When I post this column on Twitter today, I will see a number of tweets from Trumpers lavishing praise on the current occupant of the White House. While I have grown used to the delusional rantings of Trumpers on social media, I remain utterly fascinated by these so-called "patriots" lavishing praise on a president who is easily the least patriotic president in my lifetime. Trump has demonstrated repeatedly that he does not care about American values or the men and women who fight to protect those values.
Donald J. Trump became eligible for the draft during the Vietnam War. After running out of education deferments due to his having graduated from college, a doctor friend of the family wrote a letter saying
Cpt. John McCain upon being released as POW
Trump had "bone spurs," a medical diagnosis that let Trump avoid military service. Later, when asked about the medical diagnosis that kept him out of the Vietnam War, Trump could not identify which foot had the bone spurs.
In 2015, Trump attacked Sen. John McCain, a former Navy aviator who spent 5 1/2 years as a prisoner of war after being shot down over North Vietnam. As a prisoner of war, McCain spent 2 years in solitary confinement and was regularly tortured. Offered an early release undoubtedly to the fact his father and grandfather were Navy admirals, McCain refused, saying he would go home when the other POWs went home.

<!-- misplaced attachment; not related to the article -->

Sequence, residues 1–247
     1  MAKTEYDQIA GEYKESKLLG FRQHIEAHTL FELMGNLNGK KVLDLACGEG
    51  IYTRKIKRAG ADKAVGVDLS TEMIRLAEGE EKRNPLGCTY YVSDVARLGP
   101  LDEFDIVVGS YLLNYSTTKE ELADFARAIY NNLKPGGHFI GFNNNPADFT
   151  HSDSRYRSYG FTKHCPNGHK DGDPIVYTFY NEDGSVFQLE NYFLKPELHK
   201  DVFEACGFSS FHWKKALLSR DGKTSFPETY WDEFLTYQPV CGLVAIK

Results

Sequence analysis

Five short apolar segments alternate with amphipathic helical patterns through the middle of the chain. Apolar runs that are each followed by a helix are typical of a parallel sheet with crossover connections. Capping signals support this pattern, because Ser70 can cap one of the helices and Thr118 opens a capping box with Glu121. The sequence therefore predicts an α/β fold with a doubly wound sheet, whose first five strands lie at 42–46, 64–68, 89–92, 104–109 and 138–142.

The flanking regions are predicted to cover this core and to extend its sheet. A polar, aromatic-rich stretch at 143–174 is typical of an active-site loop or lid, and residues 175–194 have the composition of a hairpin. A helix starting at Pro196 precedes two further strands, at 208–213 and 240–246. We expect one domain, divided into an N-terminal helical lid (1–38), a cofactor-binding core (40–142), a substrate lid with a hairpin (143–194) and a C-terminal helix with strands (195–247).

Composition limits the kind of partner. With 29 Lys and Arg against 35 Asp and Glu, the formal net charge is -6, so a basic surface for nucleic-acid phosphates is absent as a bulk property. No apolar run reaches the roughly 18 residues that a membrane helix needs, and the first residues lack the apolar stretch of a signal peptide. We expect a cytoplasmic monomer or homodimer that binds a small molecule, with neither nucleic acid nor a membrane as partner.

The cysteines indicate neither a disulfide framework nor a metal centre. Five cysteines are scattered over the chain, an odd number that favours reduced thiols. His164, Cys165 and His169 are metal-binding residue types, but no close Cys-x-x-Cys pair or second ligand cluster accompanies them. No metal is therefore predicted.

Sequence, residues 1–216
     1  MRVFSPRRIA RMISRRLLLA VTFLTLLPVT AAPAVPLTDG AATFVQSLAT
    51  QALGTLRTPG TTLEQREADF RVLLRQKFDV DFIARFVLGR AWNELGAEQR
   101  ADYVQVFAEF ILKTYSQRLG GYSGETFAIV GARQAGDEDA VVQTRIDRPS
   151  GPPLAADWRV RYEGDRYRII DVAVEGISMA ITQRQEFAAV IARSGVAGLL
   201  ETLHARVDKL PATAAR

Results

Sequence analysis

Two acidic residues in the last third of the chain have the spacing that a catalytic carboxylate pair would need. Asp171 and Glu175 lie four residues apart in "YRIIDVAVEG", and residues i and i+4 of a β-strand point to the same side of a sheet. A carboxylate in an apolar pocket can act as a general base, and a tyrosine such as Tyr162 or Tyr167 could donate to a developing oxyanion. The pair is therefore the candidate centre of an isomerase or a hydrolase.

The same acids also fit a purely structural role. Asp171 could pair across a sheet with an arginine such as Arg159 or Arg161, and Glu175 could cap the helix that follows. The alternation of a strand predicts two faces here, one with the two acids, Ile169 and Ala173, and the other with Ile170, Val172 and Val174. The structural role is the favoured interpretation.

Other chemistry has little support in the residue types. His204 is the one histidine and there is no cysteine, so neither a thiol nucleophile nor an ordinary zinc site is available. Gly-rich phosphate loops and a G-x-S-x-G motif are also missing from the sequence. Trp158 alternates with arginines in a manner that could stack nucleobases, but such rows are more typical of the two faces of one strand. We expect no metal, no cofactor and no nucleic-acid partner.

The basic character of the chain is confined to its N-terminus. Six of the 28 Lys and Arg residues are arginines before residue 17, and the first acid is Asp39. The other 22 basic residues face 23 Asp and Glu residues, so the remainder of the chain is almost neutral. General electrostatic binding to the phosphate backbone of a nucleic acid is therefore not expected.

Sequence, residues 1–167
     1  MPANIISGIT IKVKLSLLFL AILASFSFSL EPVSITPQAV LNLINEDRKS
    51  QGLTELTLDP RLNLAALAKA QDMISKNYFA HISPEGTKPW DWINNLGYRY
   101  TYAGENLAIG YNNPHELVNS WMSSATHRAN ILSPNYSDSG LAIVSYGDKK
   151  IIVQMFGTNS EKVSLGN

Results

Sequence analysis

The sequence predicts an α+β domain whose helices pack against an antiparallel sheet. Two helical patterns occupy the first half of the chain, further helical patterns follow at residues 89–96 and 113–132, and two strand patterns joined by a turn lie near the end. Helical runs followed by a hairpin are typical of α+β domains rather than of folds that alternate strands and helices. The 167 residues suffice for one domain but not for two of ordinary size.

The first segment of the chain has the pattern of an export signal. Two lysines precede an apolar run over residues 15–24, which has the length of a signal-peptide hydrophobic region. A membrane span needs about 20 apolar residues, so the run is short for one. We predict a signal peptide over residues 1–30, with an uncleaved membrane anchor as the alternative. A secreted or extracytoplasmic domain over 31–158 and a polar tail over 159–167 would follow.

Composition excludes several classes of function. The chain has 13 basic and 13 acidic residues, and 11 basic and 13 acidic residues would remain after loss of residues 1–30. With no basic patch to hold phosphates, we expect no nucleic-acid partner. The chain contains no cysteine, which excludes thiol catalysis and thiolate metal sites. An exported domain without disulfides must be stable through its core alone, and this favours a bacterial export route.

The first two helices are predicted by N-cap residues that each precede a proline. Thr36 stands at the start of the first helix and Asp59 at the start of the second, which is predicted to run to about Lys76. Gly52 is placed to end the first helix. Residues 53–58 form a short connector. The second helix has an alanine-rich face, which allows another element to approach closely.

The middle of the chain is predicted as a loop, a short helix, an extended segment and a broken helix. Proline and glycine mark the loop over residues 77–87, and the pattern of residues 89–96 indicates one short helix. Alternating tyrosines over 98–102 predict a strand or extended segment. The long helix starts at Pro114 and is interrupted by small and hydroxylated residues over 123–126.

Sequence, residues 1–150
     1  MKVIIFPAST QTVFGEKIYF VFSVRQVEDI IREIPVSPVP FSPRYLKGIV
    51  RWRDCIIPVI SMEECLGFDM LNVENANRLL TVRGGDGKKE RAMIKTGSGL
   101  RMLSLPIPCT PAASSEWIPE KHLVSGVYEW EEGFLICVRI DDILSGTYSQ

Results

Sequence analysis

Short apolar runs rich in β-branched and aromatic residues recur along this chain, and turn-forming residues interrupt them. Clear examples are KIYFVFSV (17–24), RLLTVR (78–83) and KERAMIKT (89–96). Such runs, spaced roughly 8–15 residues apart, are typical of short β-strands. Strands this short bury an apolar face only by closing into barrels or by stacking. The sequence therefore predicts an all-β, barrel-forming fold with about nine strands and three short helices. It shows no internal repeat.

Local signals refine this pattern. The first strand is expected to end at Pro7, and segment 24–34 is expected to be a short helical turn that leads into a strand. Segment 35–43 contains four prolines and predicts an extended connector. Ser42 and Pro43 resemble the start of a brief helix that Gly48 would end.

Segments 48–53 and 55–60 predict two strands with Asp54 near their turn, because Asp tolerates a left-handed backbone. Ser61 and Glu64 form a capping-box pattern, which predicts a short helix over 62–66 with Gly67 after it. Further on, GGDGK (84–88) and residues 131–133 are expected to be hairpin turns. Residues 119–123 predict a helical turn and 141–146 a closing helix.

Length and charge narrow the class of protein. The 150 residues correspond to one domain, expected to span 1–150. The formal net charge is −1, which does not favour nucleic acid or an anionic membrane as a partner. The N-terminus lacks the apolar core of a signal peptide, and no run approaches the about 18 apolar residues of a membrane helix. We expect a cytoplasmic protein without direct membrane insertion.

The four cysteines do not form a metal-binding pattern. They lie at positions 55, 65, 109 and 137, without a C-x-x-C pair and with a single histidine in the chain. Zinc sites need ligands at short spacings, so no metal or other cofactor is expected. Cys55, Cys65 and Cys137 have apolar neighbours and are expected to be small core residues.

While people recall Trump's attack as being solely against McCain, Trump's statement actually attacked all POWs. In disparaging McCain, Trump said he preferred people who weren't captured, indicating that someone who is captured is, by definition, not a hero. Trump later tried to walk that statement back.
A year later Trump was at it again, attacking a Gold Star family who had committed the awful offense of criticizing him.
Although Trump never served in the military, he did have a son, Donald, Jr., who expressed an interest in volunteering for the service. Trump responded by threatening to disinherit him if he chose to serve his country.
Yesterday, the Atlantic published a story providing yet more evidence of Donald Trump's dismissive attitude toward military service:
When President Donald Trump canceled a visit to the Aisne-Marne American Cemetery near Paris in 2018, he blamed rain for the last-minute decision, saying that “the helicopter couldn’t fly” and that the Secret Service wouldn’t drive him there. Neither claim was true.
Trump rejected the idea of the visit because he feared his hair would become disheveled in the rain, and because he did not believe it important to honor American war dead, according to four people with firsthand knowledge of the discussion that day. In a conversation with senior staff members on the morning of the scheduled visit, Trump said, “Why should I go to that cemetery? It’s filled with losers.” In a separate conversation on the same trip, Trump referred to the more than 1,800 marines who lost their lives at Belleau Wood as “suckers” for getting killed.
Belleau Wood is a consequential battle in American history, and the ground on which it was fought is venerated by the Marine Corps. America and its allies stopped the German advance toward Paris there in the spring of 1918. But Trump, on that same trip, asked aides, “Who were the good guys in this war?” He also said that he didn’t understand why the United States would intervene on the side of the Allies.